Source Pravda.Ru

Twitter Is Attacked by Iranian Hackers

Early on Friday Twitter was left temporarily affected for about an hour after a DNS hijacking attack.

The initial attack has left many users scratching their heads while spreading the belief that Twitter's servers themselves were commandeered by hackers in the name of the "Iranian Cyber Army".

It now seems that Twitter's DNS records were altered. That means surfers trying to reach the website directly via name resolution services were thrown over towards a fake domain, while the site itself and micro-blogging applications that plugged into Twitter's API - such as TweetDeck or mobile phone apps - were unaffected by the attack, Register reports.

It was also reported, the hackers managed to deface Twitter's home page, as users attempting to reach the service in the early hours Friday were greeted with a message that stated the sabotage was perpetrated by a group that called itself the Iranian Cyber Army.

"This site has been hacked by the Iranian Cyber Army," the message stated.

The group was previously unknown, raising the possibility that the incident was in fact carried out by pranksters, rather than a cadre of cyber criminals with links to Iran's anti-West political authorities.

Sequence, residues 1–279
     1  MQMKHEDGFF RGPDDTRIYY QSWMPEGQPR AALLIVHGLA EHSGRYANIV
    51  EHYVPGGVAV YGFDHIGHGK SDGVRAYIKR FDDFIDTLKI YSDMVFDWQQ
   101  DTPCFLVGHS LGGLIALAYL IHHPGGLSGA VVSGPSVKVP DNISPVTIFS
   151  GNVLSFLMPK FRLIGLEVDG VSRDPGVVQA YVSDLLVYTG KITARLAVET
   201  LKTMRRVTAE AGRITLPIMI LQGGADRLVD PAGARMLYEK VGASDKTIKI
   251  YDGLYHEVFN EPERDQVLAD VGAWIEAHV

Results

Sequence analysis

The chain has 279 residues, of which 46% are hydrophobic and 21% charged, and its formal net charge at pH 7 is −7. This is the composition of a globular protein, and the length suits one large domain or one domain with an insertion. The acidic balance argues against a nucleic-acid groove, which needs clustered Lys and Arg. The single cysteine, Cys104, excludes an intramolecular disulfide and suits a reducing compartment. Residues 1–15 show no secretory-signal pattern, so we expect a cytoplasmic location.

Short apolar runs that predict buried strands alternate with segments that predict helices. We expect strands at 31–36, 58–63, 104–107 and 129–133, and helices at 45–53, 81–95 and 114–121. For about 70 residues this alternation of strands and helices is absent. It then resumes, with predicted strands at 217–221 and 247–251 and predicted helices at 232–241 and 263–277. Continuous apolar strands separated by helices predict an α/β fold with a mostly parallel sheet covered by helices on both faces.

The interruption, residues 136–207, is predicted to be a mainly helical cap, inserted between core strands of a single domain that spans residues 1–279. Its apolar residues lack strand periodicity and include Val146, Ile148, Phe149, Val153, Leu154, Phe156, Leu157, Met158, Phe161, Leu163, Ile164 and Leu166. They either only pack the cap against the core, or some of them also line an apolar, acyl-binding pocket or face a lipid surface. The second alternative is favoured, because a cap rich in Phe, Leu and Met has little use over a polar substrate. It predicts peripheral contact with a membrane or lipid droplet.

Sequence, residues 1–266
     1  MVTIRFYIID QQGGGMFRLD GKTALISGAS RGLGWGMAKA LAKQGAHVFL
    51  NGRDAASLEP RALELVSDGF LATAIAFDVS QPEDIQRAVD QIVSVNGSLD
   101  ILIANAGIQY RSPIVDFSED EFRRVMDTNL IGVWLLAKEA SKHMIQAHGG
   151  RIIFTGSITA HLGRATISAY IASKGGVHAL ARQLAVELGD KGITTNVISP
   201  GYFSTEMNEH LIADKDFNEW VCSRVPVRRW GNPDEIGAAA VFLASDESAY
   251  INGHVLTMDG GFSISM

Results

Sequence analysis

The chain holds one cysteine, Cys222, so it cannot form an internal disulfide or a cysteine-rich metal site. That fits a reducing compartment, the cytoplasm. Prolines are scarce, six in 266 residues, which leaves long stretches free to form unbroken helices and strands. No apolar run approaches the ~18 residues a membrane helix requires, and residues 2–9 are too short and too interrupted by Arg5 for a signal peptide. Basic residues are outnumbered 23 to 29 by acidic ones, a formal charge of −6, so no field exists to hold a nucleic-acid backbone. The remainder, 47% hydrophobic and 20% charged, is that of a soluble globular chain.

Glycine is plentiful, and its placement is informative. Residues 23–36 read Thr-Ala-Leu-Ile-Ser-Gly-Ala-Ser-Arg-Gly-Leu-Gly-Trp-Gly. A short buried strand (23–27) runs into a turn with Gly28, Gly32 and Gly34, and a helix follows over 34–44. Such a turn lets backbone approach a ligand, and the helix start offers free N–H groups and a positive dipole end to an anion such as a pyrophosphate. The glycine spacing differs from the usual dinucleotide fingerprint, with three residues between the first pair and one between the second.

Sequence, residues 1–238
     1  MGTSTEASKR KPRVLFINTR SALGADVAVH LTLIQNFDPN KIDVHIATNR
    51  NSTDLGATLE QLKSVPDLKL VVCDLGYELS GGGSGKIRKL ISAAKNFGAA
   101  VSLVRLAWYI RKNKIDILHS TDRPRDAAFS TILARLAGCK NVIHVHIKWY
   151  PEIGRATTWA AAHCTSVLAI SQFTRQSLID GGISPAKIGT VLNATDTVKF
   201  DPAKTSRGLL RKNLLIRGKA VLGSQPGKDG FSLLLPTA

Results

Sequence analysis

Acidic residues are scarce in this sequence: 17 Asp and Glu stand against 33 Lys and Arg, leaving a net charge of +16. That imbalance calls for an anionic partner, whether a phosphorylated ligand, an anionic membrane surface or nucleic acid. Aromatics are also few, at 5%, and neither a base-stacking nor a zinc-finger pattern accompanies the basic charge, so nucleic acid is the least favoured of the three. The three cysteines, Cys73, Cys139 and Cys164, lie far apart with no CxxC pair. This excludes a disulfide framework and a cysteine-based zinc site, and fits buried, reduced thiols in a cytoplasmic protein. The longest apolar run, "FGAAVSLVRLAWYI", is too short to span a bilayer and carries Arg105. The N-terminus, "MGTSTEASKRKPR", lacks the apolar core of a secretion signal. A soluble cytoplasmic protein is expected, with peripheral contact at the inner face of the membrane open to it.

It was not immediately clear if intelligence officials in this country planned to investigate the breach, InformationWeek reports.

Meanwhile, the Iranian opposition website Mowjcamp.org was also attacked. The site is run by supporters of the reformist candidates who challenged Iranian president Mahmoud Ahmadinejad in June's elections.

Both Twitter and Mowjcamp.org became a focal point for protesters during mass opposition rallies on the streets of Tehran, and the hundreds of arrests that followed.

Protesting Iranians posted pictures of the rallies, and the reaction of the Iranian riot police and pro-government militia, on the sites.

Opposition leaders Mir Hossein Mousavi and Mehdi Karroubi have said elections in June were rigged against them, BBC News reports.

Several years ago, a prominent Indonesian businessman who now resides in Canada, insisted on meeting me in a back room of one of Jakarta's posh restaurants. An avid reader of mine, he 'had something urgent to tell me', after finding out that our paths were going to be crossing in this destroyed and hopelessly polluted Indonesian capital.

Capitalism reduced Indonesian cities to infested carcases

Several years ago, a prominent Indonesian businessman who now resides in Canada, insisted on meeting me in a back room of one of Jakarta's posh restaurants. An avid reader of mine, he 'had something urgent to tell me', after finding out that our paths were going to be crossing in this destroyed and hopelessly polluted Indonesian capital.

Capitalism reduced Indonesian cities to infested carcases